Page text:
Grim and firm determination

Fast forward 50 years to December 5, 2005, on a cold winter evening at Frank Ogawa Plaza in downtown Oakland. The fight continues for an equitable and just transportation system for ALL. Urban Habitat sponsored an event that brought together religious leaders, community activists, AC Transit bus drivers and transit-dependent riders, to honor Rosa Parks and take a stand on the inequities that exist in public transportation today.

Reverend Cheryl Elliot's words opened the event: "Dignity, Justice, Respect, Access and Opportunity for All."

Reverend Andre Shumake said, "Something great and wonderful came out of Montgomery. Fifty years later, we are still tired and fighting for transportation justice. We do not have affordable, accessible, and safe transportation. It is a travesty of justice that AC Transit is not being funded at the appropriate levels."

"When funding for roads is inadequate, we have to endure a few more potholes," said Lila Hussain, event organizer, "but when funding for buses is inadequate, people are unable to get to work and school."

Nearly 80 percent of AC Transit bus riders are people of color, and more than 60 percent have no other means of transportation.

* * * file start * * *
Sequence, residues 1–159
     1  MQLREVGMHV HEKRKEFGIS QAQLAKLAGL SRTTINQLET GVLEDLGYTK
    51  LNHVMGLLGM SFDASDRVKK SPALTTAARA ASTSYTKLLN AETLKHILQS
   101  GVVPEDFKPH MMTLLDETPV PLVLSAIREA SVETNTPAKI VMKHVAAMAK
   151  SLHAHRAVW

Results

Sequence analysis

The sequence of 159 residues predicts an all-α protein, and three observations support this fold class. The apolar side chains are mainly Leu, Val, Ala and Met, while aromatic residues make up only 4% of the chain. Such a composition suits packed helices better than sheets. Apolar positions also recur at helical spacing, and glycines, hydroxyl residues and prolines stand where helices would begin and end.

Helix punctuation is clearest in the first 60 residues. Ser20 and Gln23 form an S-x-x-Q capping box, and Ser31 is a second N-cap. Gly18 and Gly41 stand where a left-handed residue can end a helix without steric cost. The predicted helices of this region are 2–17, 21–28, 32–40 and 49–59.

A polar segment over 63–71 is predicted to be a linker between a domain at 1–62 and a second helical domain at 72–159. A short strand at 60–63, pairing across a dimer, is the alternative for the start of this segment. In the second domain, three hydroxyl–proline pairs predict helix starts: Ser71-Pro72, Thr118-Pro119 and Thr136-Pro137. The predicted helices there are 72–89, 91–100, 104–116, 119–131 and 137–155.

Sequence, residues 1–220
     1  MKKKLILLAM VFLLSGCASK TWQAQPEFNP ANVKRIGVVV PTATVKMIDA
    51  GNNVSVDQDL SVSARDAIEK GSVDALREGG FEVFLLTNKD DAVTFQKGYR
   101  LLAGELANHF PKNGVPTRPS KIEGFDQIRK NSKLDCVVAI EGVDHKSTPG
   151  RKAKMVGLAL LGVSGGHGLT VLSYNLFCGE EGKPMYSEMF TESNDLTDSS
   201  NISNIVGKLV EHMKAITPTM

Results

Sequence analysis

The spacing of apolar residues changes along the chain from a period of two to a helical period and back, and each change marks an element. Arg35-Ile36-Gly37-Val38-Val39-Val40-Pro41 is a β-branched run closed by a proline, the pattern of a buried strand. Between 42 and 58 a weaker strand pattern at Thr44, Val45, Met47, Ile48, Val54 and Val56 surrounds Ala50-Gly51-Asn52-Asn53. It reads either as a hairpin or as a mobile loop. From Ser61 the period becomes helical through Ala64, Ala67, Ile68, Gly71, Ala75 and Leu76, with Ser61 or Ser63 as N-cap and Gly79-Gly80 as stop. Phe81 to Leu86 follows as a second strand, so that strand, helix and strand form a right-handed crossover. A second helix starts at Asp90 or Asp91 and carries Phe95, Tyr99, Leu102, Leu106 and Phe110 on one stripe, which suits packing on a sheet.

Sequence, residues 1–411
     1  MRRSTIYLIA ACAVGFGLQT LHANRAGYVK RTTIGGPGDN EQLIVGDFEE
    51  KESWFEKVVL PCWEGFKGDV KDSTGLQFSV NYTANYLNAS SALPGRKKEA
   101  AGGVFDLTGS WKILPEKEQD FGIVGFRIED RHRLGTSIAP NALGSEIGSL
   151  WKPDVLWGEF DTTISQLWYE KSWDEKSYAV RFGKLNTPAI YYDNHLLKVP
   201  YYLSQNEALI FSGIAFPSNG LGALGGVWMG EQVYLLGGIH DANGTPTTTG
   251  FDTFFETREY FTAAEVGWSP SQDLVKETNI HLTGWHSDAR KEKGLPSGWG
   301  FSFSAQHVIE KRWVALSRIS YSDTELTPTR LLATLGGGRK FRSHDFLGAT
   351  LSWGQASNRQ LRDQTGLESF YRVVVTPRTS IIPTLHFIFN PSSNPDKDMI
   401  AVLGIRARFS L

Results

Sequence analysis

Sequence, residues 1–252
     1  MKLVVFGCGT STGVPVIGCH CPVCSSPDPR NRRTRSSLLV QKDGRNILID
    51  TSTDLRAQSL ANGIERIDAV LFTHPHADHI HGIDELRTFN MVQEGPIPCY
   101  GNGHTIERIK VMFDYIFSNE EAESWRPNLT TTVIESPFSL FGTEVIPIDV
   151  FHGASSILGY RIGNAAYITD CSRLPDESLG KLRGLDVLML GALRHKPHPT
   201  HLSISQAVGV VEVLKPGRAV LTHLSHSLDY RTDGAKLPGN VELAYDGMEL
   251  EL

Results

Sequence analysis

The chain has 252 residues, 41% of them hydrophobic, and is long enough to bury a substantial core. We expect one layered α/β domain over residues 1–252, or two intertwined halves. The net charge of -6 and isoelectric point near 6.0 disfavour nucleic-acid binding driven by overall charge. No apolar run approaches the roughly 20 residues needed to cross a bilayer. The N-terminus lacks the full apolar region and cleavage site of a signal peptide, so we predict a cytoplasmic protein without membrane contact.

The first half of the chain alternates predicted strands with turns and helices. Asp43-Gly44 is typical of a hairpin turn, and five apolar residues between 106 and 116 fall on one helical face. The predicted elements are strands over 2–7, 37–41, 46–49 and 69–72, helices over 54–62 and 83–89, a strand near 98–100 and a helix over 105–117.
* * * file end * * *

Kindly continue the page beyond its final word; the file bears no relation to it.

Lila Hussain described the unequal distribution of funding by the Metropolitan Transportation Commission (MTC) to the public transportation giants: MUNI, BART, and AC Transit.
Richard Marcantonio, an attorney with Public Advocates, shared these facts: "As a result of MTC's knowingly discriminatory funding practices, AC Transit riders receive a public subsidy of only $2.78 per trip, BART passengers receive more than double that: $6.14; and Caltrain passengers receive $13.79, nearly five times more than AC Transit riders."

Sylvia Darensburg, an African American mother of three, is transit dependent and, like Rosa Parks, has taken a stand for justice. Sylvia, along with two other plaintiffs, has filed a civil rights lawsuit against MTC for its discriminatory and inequitable funding processes.

Kid's First youth activists who were present at this protest also carry Rosa Park's spirit in their constant struggle to keep transportation affordable for Oakland's low-income youth.

Justice runs down like water

"This society would still be as wretched, were it not for their sacrifice," Joshua Abram of the Ella Baker Center said about the struggles of the civil rights workers of the 1950s and '60s. The struggle for social, economic, as well as transportation justice today is in need of a "Rosa Parks" sacrifice.

Many are working diligently in our social justice and grassroots organizations. They are working against all odds to ensure that our communities of color are treated fairly and equitably.

As long as injustice exists, the work is not done. As long as injustice exists, there will always be a call for the one and then the many to stand and demand that the most basic human rights be available and protected for ALL.

"If we are wrong, justice is a lie."

To join the effort or to donate, contact the Transportation Justice Working Group at (510) 839-9510 or visit www.urbanhabitat.org.